Vegetable growers in the northeastern United States who want to use cover crops are limited by the relatively short growing season and by a lack of cover crop species options. Seven cover crops that winter-kill under NE US conditions were evaluated in on-farm trials for their suitability for following early harvested vegetables. Plots of oilseed radish (Raphanus sativus), white senf mustard (Brassica hirta), phacelia (Phacelia tanacetifolia), oats (Avena sativa), and a bare control were planted on 25 Aug. and 8 Sept. 1993, following a lettuce crop. In the early planting, oilseed radish, white senf mustard, and phacelia produced more than 3000 kg·ha–1 dry matter in 11 weeks, while oats produced just more than 2000 kg·ha–1. A smaller proportion of the accumulated biomass from these cover crops remained on the surface in the spring compared to oats. In the first planting, 80–107 kg·ha–1 N were accumulated in the above-ground biomass of the cover crops. On 3 and 16 Sept. 1994, plots of oilseed radish, white senf mustard, oats, yellow mustard (Brassica hirta), forage kale (Brassica oleracea), forage turnip (Brassica rapa), canola (Brassica napus cv. Sparta), and a bare control were established following potatoes. All cover crops except kale produced more than 3800 kg·ha–1 dry matter by late November in the early planting.
Kevin Charles*, Mathieu Ngouajio and Darryl Warncke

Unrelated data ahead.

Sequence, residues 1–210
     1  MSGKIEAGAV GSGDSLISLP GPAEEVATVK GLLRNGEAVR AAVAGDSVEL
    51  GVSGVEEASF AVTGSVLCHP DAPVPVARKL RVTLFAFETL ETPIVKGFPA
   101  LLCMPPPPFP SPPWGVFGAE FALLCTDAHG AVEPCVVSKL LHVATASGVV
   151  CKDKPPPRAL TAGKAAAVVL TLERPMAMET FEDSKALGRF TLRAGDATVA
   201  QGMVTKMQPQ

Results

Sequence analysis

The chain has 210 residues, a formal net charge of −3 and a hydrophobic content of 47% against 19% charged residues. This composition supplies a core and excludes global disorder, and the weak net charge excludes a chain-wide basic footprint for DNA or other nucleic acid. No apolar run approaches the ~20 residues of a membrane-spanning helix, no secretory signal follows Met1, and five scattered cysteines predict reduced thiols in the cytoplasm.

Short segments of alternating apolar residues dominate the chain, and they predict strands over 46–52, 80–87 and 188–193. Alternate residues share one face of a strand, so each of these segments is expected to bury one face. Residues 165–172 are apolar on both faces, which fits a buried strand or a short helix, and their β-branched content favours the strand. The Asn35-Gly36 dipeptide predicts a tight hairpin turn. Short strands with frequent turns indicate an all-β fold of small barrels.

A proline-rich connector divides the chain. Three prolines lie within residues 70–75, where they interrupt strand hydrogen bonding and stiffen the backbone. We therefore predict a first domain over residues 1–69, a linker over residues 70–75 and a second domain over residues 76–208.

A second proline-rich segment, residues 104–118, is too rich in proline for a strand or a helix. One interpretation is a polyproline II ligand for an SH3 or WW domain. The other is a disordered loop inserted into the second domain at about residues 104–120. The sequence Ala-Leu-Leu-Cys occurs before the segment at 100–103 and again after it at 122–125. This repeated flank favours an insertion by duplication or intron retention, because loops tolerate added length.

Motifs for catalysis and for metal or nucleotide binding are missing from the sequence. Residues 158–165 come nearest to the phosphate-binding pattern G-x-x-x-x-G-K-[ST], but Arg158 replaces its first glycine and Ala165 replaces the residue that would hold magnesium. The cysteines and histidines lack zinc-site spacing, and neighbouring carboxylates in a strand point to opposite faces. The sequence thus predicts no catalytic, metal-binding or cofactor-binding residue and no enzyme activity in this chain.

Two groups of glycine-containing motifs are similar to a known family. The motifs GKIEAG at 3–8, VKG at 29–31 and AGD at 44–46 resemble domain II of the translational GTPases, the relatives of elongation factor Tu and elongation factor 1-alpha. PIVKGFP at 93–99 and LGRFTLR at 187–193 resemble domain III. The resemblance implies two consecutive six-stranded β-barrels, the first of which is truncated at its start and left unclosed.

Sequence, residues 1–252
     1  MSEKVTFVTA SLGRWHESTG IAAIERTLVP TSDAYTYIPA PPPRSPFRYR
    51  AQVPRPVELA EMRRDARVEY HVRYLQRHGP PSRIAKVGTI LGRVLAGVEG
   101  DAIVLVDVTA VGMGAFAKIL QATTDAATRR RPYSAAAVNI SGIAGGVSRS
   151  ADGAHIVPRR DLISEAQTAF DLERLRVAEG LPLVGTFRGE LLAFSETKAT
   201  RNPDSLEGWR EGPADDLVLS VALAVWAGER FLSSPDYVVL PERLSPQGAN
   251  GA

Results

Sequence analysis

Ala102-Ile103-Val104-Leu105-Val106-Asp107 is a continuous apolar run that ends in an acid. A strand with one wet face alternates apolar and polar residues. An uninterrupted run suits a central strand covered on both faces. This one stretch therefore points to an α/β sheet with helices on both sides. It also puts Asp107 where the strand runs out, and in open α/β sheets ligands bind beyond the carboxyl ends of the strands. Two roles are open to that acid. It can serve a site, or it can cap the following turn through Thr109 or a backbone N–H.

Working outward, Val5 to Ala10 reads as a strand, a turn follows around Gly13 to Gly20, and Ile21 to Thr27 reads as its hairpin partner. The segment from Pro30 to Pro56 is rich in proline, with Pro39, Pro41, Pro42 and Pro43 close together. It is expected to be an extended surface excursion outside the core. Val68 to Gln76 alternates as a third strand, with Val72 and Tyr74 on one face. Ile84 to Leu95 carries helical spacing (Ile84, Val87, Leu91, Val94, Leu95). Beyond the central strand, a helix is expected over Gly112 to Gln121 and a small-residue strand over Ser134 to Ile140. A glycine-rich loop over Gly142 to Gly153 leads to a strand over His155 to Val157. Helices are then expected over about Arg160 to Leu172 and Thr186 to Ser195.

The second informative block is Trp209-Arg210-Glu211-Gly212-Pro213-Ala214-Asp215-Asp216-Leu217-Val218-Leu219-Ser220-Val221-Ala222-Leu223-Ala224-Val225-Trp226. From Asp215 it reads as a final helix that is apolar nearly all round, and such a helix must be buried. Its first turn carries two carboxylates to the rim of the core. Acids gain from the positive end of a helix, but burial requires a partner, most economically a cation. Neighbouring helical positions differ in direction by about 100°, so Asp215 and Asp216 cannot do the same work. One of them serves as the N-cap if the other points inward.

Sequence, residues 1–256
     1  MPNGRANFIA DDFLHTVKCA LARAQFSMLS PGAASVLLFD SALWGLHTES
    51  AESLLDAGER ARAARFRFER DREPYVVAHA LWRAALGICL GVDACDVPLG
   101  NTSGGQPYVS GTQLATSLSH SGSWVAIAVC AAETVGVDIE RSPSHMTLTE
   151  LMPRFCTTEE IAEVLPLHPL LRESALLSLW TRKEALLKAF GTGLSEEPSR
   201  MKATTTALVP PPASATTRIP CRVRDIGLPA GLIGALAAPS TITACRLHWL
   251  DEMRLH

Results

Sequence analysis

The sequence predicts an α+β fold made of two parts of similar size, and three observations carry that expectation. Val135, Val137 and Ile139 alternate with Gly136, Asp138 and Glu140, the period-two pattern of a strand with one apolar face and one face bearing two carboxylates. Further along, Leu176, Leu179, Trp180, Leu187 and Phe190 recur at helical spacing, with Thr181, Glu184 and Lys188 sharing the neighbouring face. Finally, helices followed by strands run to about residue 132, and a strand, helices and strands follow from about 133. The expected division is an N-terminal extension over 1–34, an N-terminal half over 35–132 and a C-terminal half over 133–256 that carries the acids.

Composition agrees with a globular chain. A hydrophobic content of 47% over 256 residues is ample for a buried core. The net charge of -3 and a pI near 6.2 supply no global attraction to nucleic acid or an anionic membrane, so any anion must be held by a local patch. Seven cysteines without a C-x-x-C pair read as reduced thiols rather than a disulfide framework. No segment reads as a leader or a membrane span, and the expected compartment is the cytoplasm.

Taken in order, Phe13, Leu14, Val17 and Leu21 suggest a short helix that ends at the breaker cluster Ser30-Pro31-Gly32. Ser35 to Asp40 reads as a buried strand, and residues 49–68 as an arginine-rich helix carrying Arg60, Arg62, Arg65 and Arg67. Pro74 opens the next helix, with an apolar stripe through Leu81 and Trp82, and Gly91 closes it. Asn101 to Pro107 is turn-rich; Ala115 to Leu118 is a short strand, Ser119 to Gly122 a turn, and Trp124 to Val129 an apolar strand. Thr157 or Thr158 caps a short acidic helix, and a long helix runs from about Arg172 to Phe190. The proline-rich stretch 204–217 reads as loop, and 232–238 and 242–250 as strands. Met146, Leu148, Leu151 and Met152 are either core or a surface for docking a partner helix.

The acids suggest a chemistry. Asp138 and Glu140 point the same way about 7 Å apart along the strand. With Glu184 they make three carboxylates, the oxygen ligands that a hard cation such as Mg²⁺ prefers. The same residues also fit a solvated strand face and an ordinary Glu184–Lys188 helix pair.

Cover crops are commonly used to improve soil fertility and enhance crop performance. Field experiments were conducted to determine the effects of different cover crops and fertilizer rates on celery growth and development. The experiment was a two-way factorial with a split plot arrangement. The main plot factor was cover crop and included cereal rye (Secale cereale), hairy vetch (Vicia villosa), oilseed radish [Raphanus sativus (L.) var. oleiferus Metzg (Stokes)], and no cover crop. The sub-plot factor was fertilizer rate with three levels: full (160, 80, 400), half (80, 40, 200), and low (80, 0, 0) kg/ha of N, P2 O5, K2 O, respectively. The cover crops were grown during Fall 2002 and incorporated prior to celery transplanting in May 2003. During celery growing season, stalk length, above and below ground biomass were assessed at 23, 43, 64, and 84 days after planting (DAP). The biomass produced by oilseed radish (719 g/m2) exceeded that of cereal rye (284 g/m2) and hairy vetch (181 g/m2). At 23 and 43 DAP, celery fresh root (4.8 and 11.4 g/root) and shoot (6.1 and 53.6 g/shoot) biomass of oilseed radish exceeded the values of all other cover crops. At 84 DAP however, celery shoot fresh weight was similar in all cover crop treatments. Celery plants were tallest in the cereal oilseed radish and rye treatments early in the season; however final plant height at harvest was not affected by type of cover crop. The amount of fertilizer applied had a significant effect on celery growth starting at 64 DAP and continued until harvest. These results suggest that the large biomass produced by oilseed radish played an important role in early season celery growth.